HOUSTON, April 19 (Reuters) - Oklahoma regulators on Thursday ordered a wastewater disposal well shut and told two operators to reduce injection volumes, the second such directive in less than two weeks after a series of earthquakes shook the state.
The Oklahoma Corporation Commission (OCC), which regulates the state’s oil and gas industry, directed privately held Choate Disposal Services to halt injections into a well in the Arbuckle formation following a cluster of quakes around Hennessey, about 65 miles (105 km) northwest of Oklahoma City. The well was operating at about 9,500 barrels per day, according to the OCC.
That order comes less than two weeks after privately held M M Energy was told by regulators to reduce volumes on a large well in the Arbuckle after a series of quakes.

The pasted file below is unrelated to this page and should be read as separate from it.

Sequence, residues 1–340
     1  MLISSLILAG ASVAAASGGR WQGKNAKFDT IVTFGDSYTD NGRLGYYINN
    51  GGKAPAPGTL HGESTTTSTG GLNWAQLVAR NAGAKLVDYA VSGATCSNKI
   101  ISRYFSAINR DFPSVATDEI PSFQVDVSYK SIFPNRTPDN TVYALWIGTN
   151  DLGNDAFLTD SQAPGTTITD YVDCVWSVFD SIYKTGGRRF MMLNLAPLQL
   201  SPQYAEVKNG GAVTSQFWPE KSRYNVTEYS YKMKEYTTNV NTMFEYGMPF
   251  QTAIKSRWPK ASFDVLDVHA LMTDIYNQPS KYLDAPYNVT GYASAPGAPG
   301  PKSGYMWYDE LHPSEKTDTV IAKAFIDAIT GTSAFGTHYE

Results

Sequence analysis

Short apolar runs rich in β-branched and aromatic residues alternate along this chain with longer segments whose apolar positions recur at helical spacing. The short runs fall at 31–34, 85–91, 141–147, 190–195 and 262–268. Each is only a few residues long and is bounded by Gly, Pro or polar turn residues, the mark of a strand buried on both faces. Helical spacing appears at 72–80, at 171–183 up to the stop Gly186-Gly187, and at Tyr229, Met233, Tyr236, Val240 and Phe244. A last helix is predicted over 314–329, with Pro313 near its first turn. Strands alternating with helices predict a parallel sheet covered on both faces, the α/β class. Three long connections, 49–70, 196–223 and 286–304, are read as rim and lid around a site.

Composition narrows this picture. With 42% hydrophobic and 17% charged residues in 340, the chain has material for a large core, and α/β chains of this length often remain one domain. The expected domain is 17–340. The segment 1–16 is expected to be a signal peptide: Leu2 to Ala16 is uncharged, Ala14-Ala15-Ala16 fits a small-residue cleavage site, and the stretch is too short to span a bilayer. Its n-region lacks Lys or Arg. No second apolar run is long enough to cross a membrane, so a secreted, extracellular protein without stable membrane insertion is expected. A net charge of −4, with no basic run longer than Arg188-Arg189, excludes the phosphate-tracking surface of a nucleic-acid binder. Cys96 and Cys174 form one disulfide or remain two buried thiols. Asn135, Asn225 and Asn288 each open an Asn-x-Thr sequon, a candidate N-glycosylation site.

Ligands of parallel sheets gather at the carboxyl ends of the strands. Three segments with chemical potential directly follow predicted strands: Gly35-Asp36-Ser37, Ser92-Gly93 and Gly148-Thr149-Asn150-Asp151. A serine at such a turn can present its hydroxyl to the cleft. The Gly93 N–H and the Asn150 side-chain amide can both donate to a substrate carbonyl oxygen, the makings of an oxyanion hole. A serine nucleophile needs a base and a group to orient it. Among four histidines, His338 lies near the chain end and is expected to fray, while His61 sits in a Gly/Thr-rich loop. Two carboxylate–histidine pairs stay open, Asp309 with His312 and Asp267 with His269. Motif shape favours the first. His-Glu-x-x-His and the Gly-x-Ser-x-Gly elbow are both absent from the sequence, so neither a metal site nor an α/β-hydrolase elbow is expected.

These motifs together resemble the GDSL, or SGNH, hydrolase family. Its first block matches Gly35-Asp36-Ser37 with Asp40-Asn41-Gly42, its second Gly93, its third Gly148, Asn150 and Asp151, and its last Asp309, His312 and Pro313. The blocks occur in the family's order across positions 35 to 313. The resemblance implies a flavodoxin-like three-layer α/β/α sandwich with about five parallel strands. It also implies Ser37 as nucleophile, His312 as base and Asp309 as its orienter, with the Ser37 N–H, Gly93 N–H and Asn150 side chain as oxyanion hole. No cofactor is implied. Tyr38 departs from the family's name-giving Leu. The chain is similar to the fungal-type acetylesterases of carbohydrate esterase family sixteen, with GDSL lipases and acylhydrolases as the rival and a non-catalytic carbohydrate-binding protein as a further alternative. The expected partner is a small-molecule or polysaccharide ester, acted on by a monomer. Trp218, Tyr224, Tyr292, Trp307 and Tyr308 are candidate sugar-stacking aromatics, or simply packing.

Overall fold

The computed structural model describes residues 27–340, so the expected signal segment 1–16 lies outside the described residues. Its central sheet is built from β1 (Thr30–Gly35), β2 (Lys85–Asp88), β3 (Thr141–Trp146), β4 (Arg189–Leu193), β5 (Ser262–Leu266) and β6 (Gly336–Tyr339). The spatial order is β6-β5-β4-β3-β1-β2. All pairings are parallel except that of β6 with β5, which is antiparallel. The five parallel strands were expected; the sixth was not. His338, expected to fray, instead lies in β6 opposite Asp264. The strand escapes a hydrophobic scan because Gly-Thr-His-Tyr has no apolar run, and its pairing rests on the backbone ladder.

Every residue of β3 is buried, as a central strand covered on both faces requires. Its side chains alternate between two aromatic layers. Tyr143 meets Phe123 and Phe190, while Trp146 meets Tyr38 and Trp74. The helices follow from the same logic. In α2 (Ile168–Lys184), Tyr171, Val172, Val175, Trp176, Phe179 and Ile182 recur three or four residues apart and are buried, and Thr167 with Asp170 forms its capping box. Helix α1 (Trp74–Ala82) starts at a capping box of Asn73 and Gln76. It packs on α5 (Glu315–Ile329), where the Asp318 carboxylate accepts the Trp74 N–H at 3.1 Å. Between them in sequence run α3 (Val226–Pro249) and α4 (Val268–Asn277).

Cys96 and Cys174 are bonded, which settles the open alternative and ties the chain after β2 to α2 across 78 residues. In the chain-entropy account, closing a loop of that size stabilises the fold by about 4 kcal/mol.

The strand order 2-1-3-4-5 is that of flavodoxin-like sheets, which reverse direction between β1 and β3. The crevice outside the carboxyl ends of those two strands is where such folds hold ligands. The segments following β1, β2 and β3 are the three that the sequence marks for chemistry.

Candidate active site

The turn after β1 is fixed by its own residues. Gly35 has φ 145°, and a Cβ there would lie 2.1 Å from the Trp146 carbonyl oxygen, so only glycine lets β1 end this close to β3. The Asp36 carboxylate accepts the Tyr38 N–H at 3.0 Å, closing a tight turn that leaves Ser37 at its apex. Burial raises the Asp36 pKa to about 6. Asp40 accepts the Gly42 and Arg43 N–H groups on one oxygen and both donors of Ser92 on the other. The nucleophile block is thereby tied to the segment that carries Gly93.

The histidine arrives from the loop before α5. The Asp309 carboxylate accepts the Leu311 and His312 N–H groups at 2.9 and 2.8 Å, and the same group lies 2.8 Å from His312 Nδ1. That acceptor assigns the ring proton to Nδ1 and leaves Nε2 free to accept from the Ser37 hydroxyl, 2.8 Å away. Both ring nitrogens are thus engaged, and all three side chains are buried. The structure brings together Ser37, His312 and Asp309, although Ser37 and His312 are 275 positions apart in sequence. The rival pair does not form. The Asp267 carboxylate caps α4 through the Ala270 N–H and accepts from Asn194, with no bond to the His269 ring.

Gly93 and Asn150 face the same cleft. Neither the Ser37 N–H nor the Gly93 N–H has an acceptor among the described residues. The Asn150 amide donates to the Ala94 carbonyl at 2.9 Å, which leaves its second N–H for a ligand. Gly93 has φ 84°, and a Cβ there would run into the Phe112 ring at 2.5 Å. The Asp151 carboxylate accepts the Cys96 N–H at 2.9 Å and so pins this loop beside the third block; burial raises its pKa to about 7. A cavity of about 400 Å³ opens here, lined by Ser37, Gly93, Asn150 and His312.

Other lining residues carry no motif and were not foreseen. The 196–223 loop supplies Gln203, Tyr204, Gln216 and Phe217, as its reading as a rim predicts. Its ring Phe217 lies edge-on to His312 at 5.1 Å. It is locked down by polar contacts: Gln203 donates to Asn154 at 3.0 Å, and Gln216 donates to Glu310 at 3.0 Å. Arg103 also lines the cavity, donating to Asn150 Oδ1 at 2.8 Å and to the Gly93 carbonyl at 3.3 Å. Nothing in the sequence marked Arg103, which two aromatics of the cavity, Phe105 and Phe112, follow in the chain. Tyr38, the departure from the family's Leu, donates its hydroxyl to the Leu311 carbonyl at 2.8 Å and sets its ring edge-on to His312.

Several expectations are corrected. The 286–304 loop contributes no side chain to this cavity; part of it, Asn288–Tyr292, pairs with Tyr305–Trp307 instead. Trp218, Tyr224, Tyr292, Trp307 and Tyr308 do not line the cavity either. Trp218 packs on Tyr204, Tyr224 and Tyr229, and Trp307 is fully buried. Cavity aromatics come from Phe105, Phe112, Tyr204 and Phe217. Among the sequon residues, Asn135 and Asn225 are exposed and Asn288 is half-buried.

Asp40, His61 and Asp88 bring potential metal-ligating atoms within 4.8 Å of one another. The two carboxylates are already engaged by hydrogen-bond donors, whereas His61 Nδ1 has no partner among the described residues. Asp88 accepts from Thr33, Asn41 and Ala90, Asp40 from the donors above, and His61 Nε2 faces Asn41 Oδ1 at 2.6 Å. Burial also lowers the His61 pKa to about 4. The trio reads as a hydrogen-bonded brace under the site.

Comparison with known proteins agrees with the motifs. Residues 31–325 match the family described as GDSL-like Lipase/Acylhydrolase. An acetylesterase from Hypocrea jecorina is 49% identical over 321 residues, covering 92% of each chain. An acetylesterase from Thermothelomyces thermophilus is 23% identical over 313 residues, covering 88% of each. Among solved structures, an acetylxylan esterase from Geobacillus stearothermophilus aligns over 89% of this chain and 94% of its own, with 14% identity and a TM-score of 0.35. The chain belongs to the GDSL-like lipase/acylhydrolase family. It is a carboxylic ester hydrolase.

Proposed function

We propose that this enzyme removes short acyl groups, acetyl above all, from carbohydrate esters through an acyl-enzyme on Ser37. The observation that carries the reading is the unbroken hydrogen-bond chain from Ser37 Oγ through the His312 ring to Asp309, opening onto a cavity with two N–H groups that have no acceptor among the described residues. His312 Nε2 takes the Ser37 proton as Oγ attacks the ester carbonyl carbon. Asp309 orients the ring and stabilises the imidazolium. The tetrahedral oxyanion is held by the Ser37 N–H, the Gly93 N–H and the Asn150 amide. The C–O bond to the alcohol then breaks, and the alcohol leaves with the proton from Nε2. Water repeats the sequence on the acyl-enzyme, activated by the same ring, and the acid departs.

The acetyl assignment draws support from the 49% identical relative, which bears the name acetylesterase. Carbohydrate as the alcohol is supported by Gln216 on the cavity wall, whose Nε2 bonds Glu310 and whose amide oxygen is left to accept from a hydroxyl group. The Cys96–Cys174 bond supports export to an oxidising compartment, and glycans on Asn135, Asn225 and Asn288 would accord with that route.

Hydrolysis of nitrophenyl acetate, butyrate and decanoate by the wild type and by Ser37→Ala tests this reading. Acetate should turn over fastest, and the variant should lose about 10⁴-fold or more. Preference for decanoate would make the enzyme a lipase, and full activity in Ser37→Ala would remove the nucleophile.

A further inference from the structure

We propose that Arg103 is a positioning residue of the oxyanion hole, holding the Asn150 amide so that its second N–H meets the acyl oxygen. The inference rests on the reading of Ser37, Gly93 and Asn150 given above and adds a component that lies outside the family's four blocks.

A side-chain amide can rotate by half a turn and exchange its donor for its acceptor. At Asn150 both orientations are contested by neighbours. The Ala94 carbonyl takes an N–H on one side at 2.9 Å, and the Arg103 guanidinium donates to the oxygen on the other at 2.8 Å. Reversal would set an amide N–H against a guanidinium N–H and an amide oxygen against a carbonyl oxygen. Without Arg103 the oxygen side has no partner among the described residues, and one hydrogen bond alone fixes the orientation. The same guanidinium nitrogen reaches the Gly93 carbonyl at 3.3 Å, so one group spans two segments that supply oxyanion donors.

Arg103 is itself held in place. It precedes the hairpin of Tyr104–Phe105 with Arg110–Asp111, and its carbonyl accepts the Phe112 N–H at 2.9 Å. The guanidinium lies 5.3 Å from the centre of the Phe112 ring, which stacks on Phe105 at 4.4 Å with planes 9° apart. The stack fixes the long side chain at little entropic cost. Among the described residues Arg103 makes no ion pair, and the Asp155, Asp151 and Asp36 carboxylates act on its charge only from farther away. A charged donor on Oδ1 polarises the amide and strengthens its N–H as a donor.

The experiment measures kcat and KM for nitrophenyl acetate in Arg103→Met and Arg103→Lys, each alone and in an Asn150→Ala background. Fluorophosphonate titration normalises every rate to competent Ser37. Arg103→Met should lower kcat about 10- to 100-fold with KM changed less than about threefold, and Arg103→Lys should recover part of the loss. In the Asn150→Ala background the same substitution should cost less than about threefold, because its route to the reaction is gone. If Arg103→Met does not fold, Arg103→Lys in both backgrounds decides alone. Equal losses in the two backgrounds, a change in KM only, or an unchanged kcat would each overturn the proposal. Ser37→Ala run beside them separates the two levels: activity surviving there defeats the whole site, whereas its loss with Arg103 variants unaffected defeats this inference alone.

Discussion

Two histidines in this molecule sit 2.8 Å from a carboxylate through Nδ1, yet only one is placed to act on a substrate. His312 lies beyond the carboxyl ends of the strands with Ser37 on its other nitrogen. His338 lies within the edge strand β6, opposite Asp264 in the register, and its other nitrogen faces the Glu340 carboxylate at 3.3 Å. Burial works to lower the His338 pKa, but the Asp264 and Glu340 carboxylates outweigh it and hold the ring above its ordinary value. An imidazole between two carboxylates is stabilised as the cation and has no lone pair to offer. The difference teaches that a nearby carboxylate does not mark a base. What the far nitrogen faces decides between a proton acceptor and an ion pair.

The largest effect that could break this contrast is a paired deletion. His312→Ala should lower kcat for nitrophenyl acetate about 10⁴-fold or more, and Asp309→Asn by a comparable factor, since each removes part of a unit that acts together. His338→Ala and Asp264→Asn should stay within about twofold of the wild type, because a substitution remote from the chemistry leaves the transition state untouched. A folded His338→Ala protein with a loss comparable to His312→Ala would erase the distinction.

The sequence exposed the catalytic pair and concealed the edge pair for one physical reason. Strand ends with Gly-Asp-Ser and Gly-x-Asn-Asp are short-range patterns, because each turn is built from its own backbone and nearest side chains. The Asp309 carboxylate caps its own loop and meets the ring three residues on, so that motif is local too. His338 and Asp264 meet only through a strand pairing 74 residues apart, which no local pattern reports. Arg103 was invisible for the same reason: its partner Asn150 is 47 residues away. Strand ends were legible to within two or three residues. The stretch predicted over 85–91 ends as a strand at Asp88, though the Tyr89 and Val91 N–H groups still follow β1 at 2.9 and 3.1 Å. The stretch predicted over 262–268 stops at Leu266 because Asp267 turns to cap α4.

Oklahoma has suffered a sharp rise in temblors in recent years from the disposal of saltwater, a normal byproduct of oil and gas production. In 2015, the state experienced over 900 magnitude 3.0 or higher quakes, up from just 35 of the same intensity in 2012.
The OCC also told Sandridge Energy Inc and SK Plymouth LLC to reduce injection into disposal wells in the Enid area that were within a 10-mile radius of the quakes.
Seven wells operating at 2,000 barrels per day must reduce their volumes by 25 percent, while another eight wells with volumes below 2,000 must remain within their last 60 day average, the OCC said in a press release.
The Enid area had already been operating under a 40 percent reduction since 2016. (Reporting by Liz Hampton Editing by Ernest Scheyder and Tom Brown)